Spring into Storm Season with a Safety Plan in Place

By Bethany Kroeze | Marketing & Communications Specialist

A sign of spring - corn seedlings sprouting from the ground.

Spring is my favorite season. The return of positive temperatures, the warmth of the sunshine, and new life sprouting from the ground – all of these and more give us that nearly perfect window as the seasons transition from a frigid, snow-packed winter to a sweltering, humid summer. One of the best things that comes with the spring season, in my opinion, is the thunderstorm. I enjoy seeing the darkness flash with strikes of lightning, observing the sky change colors in a matter of moments and watching the rain clouds move closer and closer until you’re caught in the downpour.

I’ve always been a front porch storm watcher; even when the sirens are blaring and the meteorologists are calling for people to take shelter, I just want to watch the storm unfold. But last summer, a tornado struck on the campus of a large business in my hometown. As I saw photos and heard stories about the devastation of that storm, I was much more appreciative of the severe weather policies my own company puts into practice. If you’ve never had a tornado or severe thunderstorm strike close to your home (or your heart), you might be a front porch storm watcher like I was. I’m not saying that I won’t continue to watch the storms in awe of their power, but I am saying that I will take safety a little more seriously going forward.

This week in my home state of Iowa, we are observing severe weather awareness, so I thought I would share some tips for storm safety on the farm.

With the arrival of spring, we anticipate severe storms and tornadoes. How can you stay safe while in the field?


Every year, about 1,200 tornadoes are recorded across the United States. Most tornadoes occur in the spring and summer months, with the highest likelihood between 3 p.m. and 9 p.m. Winds can reach speeds upwards of 250 miles per hour and the storms can travel 50 miles with that intensity. So, what should you do if a tornado strikes while you are away from home?

  • Get out of your tractor or vehicle. Find a low-lying area, such as a ditch, a safe distance away from your vehicle, and cover your head with your arms or a blanket to protect yourself from flying debris.
  • Know your location. Are you close to a building with a strong inner structure? Don’t try to outrun a tornado with your vehicle, but do find a suitable shelter quickly.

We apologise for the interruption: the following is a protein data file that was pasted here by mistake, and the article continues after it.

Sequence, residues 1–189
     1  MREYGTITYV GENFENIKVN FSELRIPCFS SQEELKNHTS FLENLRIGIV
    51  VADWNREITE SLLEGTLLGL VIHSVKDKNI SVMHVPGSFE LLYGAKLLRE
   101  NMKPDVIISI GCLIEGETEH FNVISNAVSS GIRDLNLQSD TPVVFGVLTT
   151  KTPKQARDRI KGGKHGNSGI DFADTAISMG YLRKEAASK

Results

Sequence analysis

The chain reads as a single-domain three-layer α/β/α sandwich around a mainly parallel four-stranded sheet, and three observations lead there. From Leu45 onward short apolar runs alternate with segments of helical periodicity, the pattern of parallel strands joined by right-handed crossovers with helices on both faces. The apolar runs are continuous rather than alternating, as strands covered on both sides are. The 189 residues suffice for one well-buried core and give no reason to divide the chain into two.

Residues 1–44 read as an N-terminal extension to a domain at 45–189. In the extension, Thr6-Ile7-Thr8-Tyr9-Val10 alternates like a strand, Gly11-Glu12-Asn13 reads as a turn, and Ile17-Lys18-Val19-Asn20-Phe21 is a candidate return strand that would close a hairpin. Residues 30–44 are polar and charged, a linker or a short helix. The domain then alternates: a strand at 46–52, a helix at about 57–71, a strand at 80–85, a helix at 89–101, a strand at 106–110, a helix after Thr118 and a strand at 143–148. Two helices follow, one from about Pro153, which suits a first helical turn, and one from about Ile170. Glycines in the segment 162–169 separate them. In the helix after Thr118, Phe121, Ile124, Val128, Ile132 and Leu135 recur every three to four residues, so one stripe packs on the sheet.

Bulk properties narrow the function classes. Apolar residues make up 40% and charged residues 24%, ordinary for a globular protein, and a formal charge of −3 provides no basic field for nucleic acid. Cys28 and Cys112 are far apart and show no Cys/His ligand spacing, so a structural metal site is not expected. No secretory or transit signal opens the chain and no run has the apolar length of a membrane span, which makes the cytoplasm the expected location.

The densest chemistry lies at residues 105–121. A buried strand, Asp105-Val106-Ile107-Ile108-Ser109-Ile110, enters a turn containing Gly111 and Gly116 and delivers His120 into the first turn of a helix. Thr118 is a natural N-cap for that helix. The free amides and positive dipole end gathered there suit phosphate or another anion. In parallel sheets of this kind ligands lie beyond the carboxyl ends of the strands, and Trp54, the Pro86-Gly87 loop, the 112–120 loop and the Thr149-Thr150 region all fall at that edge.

Because lightning is more common than a tornado, that makes the electrically-charged jolts more dangerous and it increases the likelihood that lightning could strike near you. The air near a lightning strike can reach 50,000 degrees Fahrenheit, which is hotter than the surface of the sun. Protecting yourself from lightning during a thunderstorm is different than staying safe during a tornado, so remember these tips:

  • Stay in your vehicle. Your truck or tractor provides the best protection from lightning.
  • If you are in an open field without access to a vehicle, find a low spot away from conductors like trees, fences and poles. Crouch down low, but minimize your contact with the ground, and place your hands on your knees with your head between them.


In a thunderstorm or sudden downpour, it is safe to remain in your vehicle, but remember this advice:

  • Put on your seatbelt. Cover your head with your arms, a jacket or a blanket.
  • Do not park your vehicle under a freeway, overpass, trees or poles.
  • Do not attempt to drive through a roadway covered with water. It only takes six inches of water to sweep a vehicle away and it is difficult to estimate the depth of the water.

In any event, keep your cell phone charged or have a charger available and make sure weather alerts are turned on for your current location. Talk with your family and your co-workers about a safety plan for severe weather situations and be prepared for severe weather to strike. Tune in to a local radio station or use a weather radio to receive broadcast alerts directly from the National Weather Service.

In a perfect world, we’d have a spring filled with gentle, intermittent rains to refresh our crops, but the recent flooding across the Midwest is just one example that the worst can happen in your state, in your county, and on your farm, so I’ll leave you with this piece of timeless advice: Always be prepared.